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SHRUBS WITH WINTER INTEREST

Stacey Hirvela
Photographs Courtesy of Proven Winners

Flowering shrubs are staple items in most gardens, but few landscapes can rely solely on shrub blossoms to carry them through the entire year. That’s why it’s important to round out your garden with unique evergreens that offer colorful fruit, foliage, and stems to brighten up the space through the dreary winter months. Here are a few you may not yet have considered.

Classic Sophistication
If your style runs toward the refined and formal, you probably already love evergreens with tight, neat forms like boxwood. And if you love boxwood, you’ll be especially excited to learn about Sprinter™, the third boxwood to earn the Proven Winners® name. It grows at about twice the rate as other varieties! Sprinter™ boxwood reaches about 4’ (1.2 m) at maturity, making it perfect for low hedges or specimen plantings. Like most boxwood, it is hardy to USDA zone 5.

Many people mistake Japanese holly for boxwood, since they appear identical to the untrained eye. However, Japanese holly has darker foliage and grows into crisper, more dramatic shapes, as you’ll see with our new Patti-O Japanese holly. Patti-O naturally grows into a broad cone for a formal effect that begs to be covered in twinkling lights. We called it Patti-O because it is exactly the type of plant you’d want in a container on your patio (get it?) or flanking your front door for a dramatic statement. Patti-O Japanese holly grows to 4’ (1.2 m) tall and needs little pruning to keep its tight shape. It is hardy to USDA zone 6.

Go for the Gold    
Green is great – it’s the backbone of the garden, after all. But gold foliage evergreens (or, shall we say, evergolds) add a little extra sparkle to the landscape and look especially magical in winter’s dim light. If you’ve got the space for a big, bold hedge, you can’t do better than Polar Gold arborvitae, a 12-15’ (3.6-4.5 m) pyramid of sunshine. If you need something a bit smaller, we’ve got you covered with ‘Filip’s Magic Moment,’ a fun little pyramid of yellow fan-like foliage. It slowly attains heights of 6-8’ and is a much more stylish alternative to the ubiquitous Alberta spruce. Its sister plant is the adorable Anna’s Magic Ball arborvitae. It’s a darling little thing, forming a 10-15” (25-38 cm) golden ball at maturity. Both of these dwarf conifers will be right at home in winter window boxes or containers. All three of these arborvitaes are hardy to USDA zone 3.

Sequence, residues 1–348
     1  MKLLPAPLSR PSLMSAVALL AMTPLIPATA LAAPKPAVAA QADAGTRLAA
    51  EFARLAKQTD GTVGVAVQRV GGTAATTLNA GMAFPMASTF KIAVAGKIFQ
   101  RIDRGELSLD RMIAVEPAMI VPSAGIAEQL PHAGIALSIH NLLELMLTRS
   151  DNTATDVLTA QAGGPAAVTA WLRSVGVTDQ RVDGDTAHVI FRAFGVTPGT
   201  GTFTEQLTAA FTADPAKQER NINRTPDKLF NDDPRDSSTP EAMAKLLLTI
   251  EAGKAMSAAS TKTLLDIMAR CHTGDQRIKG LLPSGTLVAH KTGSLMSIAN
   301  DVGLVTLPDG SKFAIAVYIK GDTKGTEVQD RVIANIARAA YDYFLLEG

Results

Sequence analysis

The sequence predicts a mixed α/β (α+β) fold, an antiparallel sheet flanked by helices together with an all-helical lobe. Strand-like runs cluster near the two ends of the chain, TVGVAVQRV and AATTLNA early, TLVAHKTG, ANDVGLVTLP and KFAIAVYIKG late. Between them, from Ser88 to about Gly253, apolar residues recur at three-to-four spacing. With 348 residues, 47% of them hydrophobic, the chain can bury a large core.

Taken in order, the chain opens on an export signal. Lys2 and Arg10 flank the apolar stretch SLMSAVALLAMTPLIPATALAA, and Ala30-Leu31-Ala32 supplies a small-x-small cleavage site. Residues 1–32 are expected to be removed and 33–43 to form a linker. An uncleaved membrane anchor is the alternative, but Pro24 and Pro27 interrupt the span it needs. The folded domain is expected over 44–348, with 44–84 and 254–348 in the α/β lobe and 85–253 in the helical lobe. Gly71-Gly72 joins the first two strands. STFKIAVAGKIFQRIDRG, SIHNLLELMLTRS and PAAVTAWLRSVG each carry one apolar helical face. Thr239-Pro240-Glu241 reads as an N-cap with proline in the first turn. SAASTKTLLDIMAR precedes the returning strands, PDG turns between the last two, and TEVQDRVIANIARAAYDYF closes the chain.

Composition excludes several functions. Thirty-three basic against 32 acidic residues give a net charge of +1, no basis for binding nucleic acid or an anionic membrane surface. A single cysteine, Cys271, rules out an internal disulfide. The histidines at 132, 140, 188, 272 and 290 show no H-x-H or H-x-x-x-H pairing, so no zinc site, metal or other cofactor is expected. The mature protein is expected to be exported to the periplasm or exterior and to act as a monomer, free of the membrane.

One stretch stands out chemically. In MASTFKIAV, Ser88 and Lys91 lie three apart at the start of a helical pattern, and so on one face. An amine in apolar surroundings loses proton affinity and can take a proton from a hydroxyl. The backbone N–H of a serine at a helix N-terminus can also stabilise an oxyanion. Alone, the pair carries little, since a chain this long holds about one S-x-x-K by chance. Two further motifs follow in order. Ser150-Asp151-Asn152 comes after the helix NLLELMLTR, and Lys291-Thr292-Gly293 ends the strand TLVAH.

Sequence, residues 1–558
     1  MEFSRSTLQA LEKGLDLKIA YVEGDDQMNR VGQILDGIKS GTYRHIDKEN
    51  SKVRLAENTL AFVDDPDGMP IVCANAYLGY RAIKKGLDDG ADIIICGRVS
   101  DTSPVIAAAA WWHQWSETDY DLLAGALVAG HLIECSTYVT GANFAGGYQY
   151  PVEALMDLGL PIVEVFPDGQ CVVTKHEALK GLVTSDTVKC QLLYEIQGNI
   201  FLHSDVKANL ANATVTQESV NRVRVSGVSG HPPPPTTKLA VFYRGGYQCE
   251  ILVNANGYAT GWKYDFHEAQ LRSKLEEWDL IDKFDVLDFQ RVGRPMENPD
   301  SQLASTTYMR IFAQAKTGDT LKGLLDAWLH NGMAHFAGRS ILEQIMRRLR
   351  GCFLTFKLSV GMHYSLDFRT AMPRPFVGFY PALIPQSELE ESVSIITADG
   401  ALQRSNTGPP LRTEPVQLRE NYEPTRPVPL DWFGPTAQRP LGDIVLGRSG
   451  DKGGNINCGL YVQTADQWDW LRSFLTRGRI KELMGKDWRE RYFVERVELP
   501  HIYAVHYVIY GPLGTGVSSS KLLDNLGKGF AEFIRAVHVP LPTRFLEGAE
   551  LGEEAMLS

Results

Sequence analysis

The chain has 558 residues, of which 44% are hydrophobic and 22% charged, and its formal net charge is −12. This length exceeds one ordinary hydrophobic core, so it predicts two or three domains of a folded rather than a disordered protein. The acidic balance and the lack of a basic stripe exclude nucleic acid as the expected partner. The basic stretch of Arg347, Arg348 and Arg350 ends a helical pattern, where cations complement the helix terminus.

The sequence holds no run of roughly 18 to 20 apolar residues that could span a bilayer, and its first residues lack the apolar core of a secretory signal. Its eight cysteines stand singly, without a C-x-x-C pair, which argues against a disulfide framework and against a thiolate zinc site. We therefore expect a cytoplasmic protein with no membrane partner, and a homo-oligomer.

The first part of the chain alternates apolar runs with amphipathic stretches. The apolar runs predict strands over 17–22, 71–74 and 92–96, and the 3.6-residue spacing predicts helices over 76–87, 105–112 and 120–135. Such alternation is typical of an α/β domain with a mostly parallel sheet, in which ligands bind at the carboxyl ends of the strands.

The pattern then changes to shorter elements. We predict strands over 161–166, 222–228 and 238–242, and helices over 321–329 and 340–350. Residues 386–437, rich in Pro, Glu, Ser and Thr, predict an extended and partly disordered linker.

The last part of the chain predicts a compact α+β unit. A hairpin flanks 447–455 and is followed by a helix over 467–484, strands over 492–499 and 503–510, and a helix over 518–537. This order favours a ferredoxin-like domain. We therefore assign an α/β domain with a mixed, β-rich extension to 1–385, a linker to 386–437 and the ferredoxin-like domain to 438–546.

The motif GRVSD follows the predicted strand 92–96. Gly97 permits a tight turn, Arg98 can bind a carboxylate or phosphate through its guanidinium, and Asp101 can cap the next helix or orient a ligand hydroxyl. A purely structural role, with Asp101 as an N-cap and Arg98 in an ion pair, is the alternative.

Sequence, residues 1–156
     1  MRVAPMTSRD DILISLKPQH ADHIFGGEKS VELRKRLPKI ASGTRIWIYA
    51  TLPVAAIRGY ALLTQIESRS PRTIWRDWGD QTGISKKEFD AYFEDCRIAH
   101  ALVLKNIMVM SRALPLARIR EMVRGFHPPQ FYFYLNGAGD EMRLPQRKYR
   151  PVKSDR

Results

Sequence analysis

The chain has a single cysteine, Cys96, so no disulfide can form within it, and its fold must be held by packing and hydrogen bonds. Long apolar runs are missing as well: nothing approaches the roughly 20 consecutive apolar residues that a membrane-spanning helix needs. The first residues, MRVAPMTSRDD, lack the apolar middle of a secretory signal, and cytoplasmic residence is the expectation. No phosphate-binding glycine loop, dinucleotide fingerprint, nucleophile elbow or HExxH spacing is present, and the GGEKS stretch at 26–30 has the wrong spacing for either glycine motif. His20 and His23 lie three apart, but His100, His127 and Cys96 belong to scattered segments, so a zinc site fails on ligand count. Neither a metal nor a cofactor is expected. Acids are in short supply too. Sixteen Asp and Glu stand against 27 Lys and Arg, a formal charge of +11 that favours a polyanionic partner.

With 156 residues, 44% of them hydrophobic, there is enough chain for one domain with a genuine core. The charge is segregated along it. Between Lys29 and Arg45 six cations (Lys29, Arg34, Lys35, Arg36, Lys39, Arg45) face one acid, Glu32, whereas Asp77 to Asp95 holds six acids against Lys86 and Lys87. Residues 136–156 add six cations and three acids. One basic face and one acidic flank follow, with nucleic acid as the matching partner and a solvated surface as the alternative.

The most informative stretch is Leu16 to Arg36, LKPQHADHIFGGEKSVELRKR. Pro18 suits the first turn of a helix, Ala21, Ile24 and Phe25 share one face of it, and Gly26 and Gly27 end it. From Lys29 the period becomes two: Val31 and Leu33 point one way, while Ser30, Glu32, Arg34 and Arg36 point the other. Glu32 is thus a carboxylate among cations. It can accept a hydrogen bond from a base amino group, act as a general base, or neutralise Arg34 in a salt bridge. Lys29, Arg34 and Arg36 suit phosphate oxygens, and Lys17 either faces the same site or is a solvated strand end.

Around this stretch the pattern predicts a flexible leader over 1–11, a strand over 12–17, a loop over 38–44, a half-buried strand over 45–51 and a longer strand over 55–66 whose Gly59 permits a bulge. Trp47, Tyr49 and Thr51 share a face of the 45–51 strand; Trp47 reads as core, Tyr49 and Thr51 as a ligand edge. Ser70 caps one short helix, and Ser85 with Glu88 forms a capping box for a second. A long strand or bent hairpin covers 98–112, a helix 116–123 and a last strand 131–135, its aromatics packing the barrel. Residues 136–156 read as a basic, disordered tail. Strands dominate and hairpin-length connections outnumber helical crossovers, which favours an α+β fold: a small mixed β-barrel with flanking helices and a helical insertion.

Not every “evergold” is a conifer: wintercreeper euonymus is a glossy-leafed plant that can be grown as a groundcover, climber, or small shrub. Its colorful foliage makes it a popular choice for gardeners in zone 5 and warmer. While most varieties are variegated, our new Goldy euonymus is pure gold. As with many yellow plants, the color is most pronounced on new growth, but you can count on Goldy to grace the landscape with cheery chartreuse-lime leaves through the coldest months.  
Even if you live in a warm climate and those coldest months aren’t all that cold, your short, chilly days still qualify as winter. Gardeners in zones 8 and higher can brighten their gardens – and their kitchens - with our new Sicilian Sunshine bay laurel. The fragrant foliage of this beautiful evergreen shrub is the same bay leaf in your spice rack. Sicilian Sunshine offers lemon-yellow new growth on bright red stems for an eye-popping effect that will make cold climate gardeners green with envy. Fortunately for snow-bound gardeners, they can grow Sicilian Sunshine indoors on a sunny windowsill and try to forget about the snow swirling outside. 

Pretty in Pink
If you live in one of those not-too-hot/not-too-cold areas, we have some new hebes that are going to blow your mind. If you don’t live in the mild climates that these unique little shrubs prefer, well, you’re certainly not alone. But feast your eyes on these hebes anyway, because they are simply stunning: ‘Frozen Flame,’  ‘Magic Summer’ (oh, the irony!), and ‘Wild Romance.’ All of these small (about 24”/.6 m) bushy evergreens have glossy, variegated foliage year-round, but winter’s chill turns them bright pink, purple, and magenta. They are actually showier in winter than they are the rest of the year!

Berry and Bright
Winterberry holly is a native shrub that is as adaptable as it is beautiful, but at heights topping 6’, not everyone has the space to use it in their landscape. Our new dwarf winterberry hollies, Berry Poppins™  and Mr. Poppins™, change all that. Berry Poppins™ is laden with bright red fruits from fall through winter but unlike its predecessors, it reaches an urban landscape-friendly 3-4’ (.9-1.2 m) tall. Mr. Poppins™ is the perfect consort, providing abundant pollen for Berry Poppins™ and staying the same manageable size. Though Mr. Poppins™ is a male plant and does not set fruit, this variety serves as the pollinator for Berry Poppins™ and many other winterberry hollies. A ratio of about 1 male to every 5 female plants should provide sufficient fruit.

For more information on Proven Winners Color Choice® Flowering Shrubs and lots of ideas for your landscape, take a look at the idea books on www.ProvenWinners.com.

About Stacey Hirvela Stacey is a member of the Proven Winners ColorChoice Shrubs marketing team. A graduate of the School of Professional Horticulture at the New York Botanical Garden, she has worked as a Manhattan rooftop gardener and as the horticulturist for Tavern on the Green restaurant in Central Park. In 2005, she became a garden editor at Martha Stewart Living magazine where she created, wrote, and edited garden content and co-hosted a call-in radio program.

Posted November 14, 2014


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